1) How have women right changed since 1945 from house wife mother to career women from having unequal pay to equal pay from having limited education to getting increased access as well as being a follower to becoming a leader. 2) This all started to occur when women demonstrated that they were capable of filling the jobs left by men who were apart of the 2nd world war. But following the arrivals of the soldiers women were expected to return to their traditional rule as house 3) Wife but after the experience of fulfilling a mans occupation they all objected the so called obligation. To prove this many feminist begun the establishment of committees to lobby government in order to gain the privilege of taking up 4) Any occupation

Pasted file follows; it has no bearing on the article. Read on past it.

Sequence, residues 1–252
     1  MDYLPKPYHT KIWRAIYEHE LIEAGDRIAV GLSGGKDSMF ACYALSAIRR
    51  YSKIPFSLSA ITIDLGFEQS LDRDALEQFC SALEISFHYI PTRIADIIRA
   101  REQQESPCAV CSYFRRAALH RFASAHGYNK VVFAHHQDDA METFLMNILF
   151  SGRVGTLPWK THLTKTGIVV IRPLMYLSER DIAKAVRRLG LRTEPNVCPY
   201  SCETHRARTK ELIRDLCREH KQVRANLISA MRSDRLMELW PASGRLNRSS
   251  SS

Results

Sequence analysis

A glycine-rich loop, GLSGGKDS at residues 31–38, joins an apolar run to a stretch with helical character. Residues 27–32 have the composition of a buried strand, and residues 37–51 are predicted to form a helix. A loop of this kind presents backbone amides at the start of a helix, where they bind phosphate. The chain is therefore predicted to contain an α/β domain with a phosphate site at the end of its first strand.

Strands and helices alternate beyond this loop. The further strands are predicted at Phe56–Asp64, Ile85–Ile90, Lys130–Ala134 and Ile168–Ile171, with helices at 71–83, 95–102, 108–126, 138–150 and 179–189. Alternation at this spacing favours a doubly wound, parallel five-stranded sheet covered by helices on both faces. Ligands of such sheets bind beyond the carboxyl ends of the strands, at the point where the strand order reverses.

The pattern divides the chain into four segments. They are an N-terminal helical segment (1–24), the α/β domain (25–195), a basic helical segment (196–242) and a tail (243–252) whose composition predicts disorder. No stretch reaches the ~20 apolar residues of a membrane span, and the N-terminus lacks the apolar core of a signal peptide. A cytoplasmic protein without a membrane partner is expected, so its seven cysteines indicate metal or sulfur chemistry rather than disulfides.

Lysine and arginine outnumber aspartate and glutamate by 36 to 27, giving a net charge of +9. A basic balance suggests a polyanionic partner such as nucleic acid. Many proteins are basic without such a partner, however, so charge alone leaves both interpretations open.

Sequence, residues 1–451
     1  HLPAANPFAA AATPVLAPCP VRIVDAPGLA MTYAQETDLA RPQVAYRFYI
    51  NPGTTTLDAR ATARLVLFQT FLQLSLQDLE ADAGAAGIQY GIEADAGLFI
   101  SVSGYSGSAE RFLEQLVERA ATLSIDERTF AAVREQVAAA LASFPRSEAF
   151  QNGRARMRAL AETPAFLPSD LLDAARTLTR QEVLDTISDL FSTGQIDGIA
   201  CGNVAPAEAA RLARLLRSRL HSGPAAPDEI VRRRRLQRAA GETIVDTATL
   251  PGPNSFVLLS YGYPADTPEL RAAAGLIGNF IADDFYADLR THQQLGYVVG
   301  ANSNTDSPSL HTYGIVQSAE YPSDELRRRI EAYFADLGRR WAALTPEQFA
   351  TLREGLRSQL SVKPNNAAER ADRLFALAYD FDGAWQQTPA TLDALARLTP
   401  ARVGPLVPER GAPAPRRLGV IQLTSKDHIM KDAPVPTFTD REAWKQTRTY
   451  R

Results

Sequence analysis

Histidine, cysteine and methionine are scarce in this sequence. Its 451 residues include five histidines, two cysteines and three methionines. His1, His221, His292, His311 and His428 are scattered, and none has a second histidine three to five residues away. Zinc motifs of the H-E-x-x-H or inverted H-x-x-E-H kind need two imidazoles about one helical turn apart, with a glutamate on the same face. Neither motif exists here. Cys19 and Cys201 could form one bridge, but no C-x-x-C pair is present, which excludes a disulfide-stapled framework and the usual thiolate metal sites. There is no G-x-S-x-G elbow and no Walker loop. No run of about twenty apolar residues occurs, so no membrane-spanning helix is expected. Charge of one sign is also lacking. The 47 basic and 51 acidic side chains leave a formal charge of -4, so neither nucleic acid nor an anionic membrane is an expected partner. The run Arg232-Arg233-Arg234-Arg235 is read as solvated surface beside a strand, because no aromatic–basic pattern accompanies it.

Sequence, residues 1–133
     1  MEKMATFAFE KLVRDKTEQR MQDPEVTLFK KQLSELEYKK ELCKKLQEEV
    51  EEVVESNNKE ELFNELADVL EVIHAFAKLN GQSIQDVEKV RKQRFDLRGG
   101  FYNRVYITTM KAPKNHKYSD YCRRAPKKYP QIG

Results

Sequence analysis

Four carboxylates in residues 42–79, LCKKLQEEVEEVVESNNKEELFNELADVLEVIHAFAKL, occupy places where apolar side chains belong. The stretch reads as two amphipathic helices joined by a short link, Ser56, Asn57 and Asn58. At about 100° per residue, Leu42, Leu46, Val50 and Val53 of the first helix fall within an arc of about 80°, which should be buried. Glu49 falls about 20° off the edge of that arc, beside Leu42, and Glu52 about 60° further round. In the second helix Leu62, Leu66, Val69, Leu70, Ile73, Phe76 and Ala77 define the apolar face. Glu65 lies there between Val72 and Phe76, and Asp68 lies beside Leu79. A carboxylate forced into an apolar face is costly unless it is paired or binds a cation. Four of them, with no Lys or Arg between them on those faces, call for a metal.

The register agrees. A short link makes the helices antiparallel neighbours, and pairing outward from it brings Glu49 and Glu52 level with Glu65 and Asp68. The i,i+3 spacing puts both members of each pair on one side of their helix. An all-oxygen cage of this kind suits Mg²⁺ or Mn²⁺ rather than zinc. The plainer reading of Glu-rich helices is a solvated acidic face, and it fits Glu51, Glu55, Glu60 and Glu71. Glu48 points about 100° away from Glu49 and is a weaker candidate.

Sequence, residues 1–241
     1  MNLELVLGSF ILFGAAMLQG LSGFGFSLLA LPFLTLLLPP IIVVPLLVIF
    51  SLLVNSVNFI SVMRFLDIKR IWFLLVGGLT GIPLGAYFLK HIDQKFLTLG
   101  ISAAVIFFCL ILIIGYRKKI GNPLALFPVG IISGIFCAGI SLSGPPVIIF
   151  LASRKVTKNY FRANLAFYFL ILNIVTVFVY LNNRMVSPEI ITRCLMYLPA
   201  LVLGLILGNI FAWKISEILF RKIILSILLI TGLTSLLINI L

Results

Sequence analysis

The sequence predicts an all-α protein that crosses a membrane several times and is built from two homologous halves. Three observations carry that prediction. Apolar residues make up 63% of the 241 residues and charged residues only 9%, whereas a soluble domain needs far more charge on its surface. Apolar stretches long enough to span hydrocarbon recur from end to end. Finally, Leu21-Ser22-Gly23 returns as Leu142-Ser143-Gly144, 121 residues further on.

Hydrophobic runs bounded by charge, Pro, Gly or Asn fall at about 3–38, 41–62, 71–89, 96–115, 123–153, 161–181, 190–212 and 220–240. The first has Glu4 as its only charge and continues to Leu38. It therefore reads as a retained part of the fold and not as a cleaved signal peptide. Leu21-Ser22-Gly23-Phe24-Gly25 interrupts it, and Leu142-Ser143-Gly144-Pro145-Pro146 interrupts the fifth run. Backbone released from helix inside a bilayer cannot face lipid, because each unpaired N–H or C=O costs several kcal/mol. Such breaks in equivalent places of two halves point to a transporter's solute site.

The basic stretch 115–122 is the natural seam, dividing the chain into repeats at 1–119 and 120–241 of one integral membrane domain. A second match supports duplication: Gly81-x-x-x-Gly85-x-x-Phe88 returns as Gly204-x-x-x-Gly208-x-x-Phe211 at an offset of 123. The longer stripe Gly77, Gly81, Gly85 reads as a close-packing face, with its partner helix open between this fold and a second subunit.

Hanna Rosin’s article states that she thinks that women are not completely controlled by men in their job choices, but that women are making different choices based on their personal prefrences and economic situations. The counter argument is that men are dominating over women and taking all the jobs. Rosin gives an example from her own experience of how women themselves are in control of their own decisions in the workplace. she stated that shortly after giving birth, that she wanted to go back to work, but that she also wanted to stay home and raise a child. She didnt see staying home with her child as her “duty”, and she didn’t feel pressure from her husband or boss to do one or the other, but that It was her own subconscious, tricking her into beliving that it was more her duty to stay home with their baby than her husbands.